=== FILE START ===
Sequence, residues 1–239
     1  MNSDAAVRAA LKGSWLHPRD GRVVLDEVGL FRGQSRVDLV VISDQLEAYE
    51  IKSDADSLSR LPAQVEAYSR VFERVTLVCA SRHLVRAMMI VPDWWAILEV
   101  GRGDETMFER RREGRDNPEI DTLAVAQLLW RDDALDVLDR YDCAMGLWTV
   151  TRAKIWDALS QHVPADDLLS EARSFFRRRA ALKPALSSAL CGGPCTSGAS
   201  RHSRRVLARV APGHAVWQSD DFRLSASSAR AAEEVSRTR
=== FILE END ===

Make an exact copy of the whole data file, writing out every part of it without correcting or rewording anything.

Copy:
Sequence, residues 1–239
     1  MNSDAAVRAA LKGSWLHPRD GRVVLDEVGL FRGQSRVDLV VISDQLEAYE
    51  IKSDADSLSR LPAQVEAYSR VFERVTLVCA SRHLVRAMMI VPDWWAILEV
   101  GRGDETMFER RREGRDNPEI DTLAVAQLLW RDDALDVLDR YDCAMGLWTV
   151  TRAKIWDALS QHVPADDLLS EARSFFRRRA ALKPALSSAL CGGPCTSGAS
   201  RHSRRVLARV APGHAVWQSD DFRLSASSAR AAEEVSRTR